Biden administration to buy 200 million more doses of Covid vaccine

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The Biden administration is planning to purchase an additional 200 million doses of Covid-19 vaccine, marking a stepped-up effort to vaccinate the vast majority of Americans this year.

Federal officials negotiating for the new supply expect to receive 100 million doses each from Moderna and Pfizer, in deals set to boost the nation’s total vaccine capacity to 600 million.

That would give the U.S. the ability to vaccinate up to 300 million Americans, senior administration officials said, though they cautioned that it is unlikely the companies will deliver on the new shots until sometime this summer.

The White House in the interim is boosting the amount of existing vaccine that it sends to states and other jurisdictions each week, as it tries to temper rising complaints of supply shortages across the nation.

President Joe Biden is expected to announce the changes Tuesday afternoon.

The administration will ship out at least 10 million doses a week under the new strategy, a roughly 16 percent increase that will be spread across all 50 states and a handful of territories.

The additional supply will last for at least three weeks, senior administration officials said Tuesday.

“It is a critical step to get much needed vaccine on the ground and get millions of Americans vaccinated soon,” a senior administration official said.

Biden officials also committed to giving states estimates of how much vaccine they will receive at least three weeks in advance. The move comes after states complained they need more advance notice to plan for everything from mass vaccination sites to smaller clinics.

The ramp up in allocations comes as the Biden administration’s Covid response team has struggled to get a handle on how much vaccine is available nationwide, as well as account for discrepancies between states and the federal government over how many doses are sitting idle.

More than 41 million shots have been distributed so far, nearly half of which have yet to be administered, according to Centers for Disease Control data.

Yet several states complained in recent weeks that they are running dangerously low on supply, with some going as far as to redirect unused doses from nursing homes to providers serving other priority groups.

“There’s a reporting lag, and they don’t know where the vaccine is,” said Georges Benjamin, executive director of the American Public Health Association, adding that the confusion has contributed to a “hoarding mentality” in the areas where doses are available.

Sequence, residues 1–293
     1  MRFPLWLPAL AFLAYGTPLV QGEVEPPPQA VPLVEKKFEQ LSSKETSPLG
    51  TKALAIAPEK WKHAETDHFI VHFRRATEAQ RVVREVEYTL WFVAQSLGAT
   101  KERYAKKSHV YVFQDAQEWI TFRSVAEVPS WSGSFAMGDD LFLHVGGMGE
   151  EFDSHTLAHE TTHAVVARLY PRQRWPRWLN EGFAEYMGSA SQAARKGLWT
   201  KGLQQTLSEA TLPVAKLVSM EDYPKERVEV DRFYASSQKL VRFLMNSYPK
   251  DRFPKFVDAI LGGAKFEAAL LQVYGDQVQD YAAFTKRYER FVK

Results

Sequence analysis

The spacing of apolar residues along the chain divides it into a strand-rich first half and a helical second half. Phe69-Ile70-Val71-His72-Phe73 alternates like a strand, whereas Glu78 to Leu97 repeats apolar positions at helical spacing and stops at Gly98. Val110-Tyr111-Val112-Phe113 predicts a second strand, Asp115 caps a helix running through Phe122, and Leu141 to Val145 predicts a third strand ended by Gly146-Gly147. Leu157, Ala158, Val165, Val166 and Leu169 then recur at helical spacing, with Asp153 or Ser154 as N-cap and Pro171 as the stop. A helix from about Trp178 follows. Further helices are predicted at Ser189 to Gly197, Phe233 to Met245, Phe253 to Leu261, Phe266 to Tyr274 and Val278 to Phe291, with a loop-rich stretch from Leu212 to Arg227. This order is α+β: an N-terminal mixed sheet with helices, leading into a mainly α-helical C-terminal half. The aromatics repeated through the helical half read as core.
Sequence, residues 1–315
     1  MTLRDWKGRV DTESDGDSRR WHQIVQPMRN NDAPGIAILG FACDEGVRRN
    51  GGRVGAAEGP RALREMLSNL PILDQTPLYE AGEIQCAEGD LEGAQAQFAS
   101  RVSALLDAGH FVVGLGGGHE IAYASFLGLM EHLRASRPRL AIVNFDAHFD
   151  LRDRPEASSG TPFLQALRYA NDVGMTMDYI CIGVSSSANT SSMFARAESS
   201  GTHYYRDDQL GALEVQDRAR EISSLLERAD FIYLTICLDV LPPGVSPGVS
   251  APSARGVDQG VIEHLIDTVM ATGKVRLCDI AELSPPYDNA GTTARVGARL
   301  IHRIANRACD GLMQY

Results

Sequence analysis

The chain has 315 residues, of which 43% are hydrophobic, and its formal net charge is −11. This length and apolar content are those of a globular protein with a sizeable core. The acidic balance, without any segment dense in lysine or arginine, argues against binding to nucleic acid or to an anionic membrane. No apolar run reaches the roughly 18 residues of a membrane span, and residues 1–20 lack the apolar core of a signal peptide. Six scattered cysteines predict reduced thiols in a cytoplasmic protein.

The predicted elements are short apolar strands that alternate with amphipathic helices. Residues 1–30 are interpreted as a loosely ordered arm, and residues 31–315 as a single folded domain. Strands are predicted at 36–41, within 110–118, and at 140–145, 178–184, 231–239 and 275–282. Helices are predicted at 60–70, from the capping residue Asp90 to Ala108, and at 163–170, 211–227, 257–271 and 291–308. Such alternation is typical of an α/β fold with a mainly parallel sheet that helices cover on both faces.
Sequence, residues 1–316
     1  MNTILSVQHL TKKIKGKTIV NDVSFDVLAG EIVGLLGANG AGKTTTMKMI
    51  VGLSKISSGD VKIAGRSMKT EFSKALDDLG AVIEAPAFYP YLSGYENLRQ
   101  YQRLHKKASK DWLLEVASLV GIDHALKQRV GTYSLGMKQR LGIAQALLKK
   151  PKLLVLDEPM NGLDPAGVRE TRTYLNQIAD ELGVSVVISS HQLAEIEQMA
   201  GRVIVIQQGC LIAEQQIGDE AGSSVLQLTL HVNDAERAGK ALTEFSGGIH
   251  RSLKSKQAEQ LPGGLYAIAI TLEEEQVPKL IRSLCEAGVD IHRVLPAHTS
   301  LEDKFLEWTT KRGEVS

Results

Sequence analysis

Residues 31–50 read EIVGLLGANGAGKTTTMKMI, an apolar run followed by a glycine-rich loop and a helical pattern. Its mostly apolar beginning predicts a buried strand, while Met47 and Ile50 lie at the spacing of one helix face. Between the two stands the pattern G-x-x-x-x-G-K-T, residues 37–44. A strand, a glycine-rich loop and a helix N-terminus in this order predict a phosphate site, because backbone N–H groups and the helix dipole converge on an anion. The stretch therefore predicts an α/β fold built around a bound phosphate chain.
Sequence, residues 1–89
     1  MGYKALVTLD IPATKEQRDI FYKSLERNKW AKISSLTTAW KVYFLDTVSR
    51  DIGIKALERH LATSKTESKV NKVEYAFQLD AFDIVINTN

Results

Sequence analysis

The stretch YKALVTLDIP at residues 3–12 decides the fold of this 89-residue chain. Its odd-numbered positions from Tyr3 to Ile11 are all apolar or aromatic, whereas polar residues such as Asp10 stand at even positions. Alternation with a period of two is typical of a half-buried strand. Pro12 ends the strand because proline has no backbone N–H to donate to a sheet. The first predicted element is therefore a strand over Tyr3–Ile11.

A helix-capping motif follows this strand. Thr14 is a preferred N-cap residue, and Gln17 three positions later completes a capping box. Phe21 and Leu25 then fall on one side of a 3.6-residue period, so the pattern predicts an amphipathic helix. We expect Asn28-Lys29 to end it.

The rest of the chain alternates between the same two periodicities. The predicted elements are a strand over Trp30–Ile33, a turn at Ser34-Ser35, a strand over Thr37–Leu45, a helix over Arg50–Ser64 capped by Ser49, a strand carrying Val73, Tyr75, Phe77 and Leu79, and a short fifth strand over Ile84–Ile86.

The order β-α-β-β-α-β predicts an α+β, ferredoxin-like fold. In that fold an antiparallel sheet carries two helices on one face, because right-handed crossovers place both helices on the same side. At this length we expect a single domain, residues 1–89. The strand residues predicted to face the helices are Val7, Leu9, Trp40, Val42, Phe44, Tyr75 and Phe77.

A senior Biden administration official on Tuesday insisted the government is keeping only minimal amounts of vaccine in reserve, and that the vast majority of the unused doses have already been distributed.

The administration is hoping that adding an additional 200 million doses will alleviate those supply issues over the long term, though it remains unclear when agreements with the manufacturers will be finalized.

The federal government already holds pre-existing options to purchase more vaccine from both Moderna and Pfizer.

Biden on Monday predicted that anyone who wants a vaccine will be able to get one by the spring, even as some of his top aides have warned it could take well into the late summer or fall before the U.S. is close to reaching the herd immunity needed to effectively end the pandemic.

Many states have dramatically expanded groups eligible for the shots in order to speed up immunizations. Public health experts have expressed concern about the likelihood that minority communities will have far lower vaccination rates.

The CDC may come out with demographic data on vaccinations as soon as next week, according to a source in communication with the agency.

Moderna and Pfizer have pledged a total of 200 million doses of their Covid shots by the end of March, with another 200 million available over the three months after that. But Pfizer is now counting overfill in each of its vaccine vials as an extra full dose toward its vaccine commitment to the U.S. pandemic response — even though not all the syringes the federal government supplies can eke out the extra dose.

The White House is betting heavily on the eventual arrival of a third vaccine from Johnson & Johnson that requires only a single shot compared with the two-dose regimen for Moderna and Pfizer.

Johnson & Johnson is expected to report trial data on its vaccine as soon as next week, but earlier this month warned officials it had fallen behind its production schedule and likely would not catch up until the end of April.

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